A WILDLIFE expert has rooted for gazetting of the Kwakuchinja wildlife corridor amid increasing number of road kills in the area.
Burunge Wildlife Management Area (BWMA) Secretary, Benson Mwaise warned of prolonged incidences of wild animals getting knocked down by speeding vehicles if the crucial pathway is not gazetted.
Briefing Journalists’ Environmental Association of Tanzania (JET) members who toured the wildlife corridor last week, he disclosed that there have been around 380 reported road kills in the area.
“The corridor is shrinking by the day, forcing wild animals to change the behaviours,” explained Mr Mwaise.
According to the Burunge WMA official, the area size has reduced from 35,000 square kilometres in the 1980s, to a mere five kilometres lately, due to increased human activities.
It is for the same reason the area has also witness an upsurge in invasive species such as Senna Obstusifolia, which according to Mr Mwaise was reportedly wreaking havoc in the area.
“These are typical invasive species which compete other palatable plants,” he said.
Mr Mwaise called on the government to fast track gazetting of the Kwakuchinja corridor to strike the right balance between people’s livelihoods and conservation.
Likewise, the BWMA official revealed that change of climate also triggered Human Wildlife Conflict (HWC) in the area.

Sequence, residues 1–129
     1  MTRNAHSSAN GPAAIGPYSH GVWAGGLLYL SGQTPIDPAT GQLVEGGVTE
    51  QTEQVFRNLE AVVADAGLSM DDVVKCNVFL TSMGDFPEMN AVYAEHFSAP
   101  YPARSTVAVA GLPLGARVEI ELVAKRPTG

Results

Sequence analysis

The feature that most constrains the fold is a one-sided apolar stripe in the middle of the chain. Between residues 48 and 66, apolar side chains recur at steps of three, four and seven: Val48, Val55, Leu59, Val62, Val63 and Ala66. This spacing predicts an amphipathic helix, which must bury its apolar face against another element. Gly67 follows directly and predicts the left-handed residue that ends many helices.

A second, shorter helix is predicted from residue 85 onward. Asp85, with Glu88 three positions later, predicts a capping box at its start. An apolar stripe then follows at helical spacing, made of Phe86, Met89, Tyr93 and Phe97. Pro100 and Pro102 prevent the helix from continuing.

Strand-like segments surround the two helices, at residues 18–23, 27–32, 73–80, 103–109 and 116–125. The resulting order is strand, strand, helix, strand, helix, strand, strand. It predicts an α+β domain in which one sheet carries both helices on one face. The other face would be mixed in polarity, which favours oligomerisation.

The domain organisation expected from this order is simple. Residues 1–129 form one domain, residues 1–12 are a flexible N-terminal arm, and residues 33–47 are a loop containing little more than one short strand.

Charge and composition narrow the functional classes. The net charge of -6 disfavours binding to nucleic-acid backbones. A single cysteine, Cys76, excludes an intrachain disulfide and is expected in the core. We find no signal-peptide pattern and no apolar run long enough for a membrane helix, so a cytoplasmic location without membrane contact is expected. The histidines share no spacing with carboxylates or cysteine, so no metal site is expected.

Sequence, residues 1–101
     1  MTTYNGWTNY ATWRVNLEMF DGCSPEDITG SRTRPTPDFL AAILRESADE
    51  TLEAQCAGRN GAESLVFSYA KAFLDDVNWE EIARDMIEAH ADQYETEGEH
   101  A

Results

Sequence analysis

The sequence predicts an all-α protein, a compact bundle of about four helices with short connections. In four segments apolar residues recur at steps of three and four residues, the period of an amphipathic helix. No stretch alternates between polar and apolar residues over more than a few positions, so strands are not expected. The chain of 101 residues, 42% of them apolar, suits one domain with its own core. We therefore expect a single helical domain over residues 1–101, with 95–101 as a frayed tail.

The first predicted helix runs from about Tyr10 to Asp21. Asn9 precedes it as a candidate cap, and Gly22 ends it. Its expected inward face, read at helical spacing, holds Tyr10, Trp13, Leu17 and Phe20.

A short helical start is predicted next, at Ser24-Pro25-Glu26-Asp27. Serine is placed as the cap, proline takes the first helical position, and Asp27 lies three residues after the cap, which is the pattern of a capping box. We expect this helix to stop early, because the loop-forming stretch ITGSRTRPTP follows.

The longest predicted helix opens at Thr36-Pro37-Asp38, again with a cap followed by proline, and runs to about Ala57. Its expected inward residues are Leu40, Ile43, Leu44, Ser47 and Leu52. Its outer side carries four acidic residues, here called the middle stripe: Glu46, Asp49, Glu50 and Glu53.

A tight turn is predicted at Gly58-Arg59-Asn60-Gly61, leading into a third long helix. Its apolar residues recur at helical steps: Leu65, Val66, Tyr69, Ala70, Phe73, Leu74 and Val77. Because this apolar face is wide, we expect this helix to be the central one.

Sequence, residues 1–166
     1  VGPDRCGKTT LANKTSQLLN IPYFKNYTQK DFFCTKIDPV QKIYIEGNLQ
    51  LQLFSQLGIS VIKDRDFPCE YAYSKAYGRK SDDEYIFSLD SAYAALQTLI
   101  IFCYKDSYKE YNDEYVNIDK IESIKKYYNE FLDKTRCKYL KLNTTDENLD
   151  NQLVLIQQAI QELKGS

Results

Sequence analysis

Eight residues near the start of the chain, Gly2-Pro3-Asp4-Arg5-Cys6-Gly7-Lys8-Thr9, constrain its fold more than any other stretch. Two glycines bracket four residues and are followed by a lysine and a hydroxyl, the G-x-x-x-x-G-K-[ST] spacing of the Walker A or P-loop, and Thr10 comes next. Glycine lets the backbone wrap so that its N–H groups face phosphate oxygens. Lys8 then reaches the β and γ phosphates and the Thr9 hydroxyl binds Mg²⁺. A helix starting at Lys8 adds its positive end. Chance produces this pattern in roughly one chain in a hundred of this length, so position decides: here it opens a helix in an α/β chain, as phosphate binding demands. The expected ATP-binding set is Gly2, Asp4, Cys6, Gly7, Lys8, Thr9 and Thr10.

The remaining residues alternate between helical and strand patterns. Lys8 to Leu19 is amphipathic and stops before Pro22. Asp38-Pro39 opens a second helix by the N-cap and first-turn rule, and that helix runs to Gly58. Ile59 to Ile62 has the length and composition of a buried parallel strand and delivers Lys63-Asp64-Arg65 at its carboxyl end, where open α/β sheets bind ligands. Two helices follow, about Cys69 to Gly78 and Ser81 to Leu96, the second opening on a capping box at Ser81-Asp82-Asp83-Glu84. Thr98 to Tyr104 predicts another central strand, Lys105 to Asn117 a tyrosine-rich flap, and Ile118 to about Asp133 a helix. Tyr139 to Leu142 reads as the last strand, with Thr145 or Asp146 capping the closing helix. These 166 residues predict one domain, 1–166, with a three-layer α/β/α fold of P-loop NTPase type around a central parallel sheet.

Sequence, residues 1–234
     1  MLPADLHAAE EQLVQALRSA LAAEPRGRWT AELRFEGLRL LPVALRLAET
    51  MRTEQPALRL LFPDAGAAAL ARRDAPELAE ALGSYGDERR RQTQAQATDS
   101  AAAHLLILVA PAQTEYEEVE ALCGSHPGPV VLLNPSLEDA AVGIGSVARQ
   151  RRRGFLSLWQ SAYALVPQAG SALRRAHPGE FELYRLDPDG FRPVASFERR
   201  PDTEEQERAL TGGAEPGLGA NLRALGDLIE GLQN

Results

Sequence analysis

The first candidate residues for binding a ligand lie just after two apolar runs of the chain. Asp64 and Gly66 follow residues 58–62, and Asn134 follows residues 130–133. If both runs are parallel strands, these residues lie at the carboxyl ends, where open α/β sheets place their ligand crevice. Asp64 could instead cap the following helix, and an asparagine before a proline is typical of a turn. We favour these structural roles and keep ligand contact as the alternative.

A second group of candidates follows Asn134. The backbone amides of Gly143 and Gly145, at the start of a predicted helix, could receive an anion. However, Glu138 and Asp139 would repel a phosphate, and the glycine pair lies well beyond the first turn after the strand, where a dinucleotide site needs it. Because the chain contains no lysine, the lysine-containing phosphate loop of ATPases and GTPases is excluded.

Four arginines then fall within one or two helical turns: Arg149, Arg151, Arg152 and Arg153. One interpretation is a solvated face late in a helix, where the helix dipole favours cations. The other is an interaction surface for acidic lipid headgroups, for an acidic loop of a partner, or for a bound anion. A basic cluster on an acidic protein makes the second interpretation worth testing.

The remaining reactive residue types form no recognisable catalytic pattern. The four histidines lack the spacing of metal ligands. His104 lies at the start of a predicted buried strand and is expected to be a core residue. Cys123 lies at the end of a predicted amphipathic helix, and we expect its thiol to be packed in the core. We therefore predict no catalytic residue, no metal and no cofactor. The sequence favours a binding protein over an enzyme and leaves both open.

Detailing on the effects of climate change at the crucial migratory route, Mr Mwaise said wild animals such as elephants started raiding tomato farms, destroying anything that stood in their way.
He further singled out over flooding of Lake Manyara, destruction of infrastructures and siltation of Lake Manyara as some of the challenges that the BWMA has had to grapple with.
“This explains why we’ve advised residents around these areas to plant sesame seeds along elephant pathways,” he added.
On his part, JET Executive Director John Chikomo, challenged journalists to inculcate a habit of pitching solution oriented stories.
Established after the Wildlife Policy of 1998 that would later be reviewed in 2007, Burunge WMA was among the first 16 pilot study area in 2003.
JET members visited the area for a three-day fact-finding mission courtesy of courtesy of the United States Agency for International Development (USAID) Tuhifadhi Maliasili Project.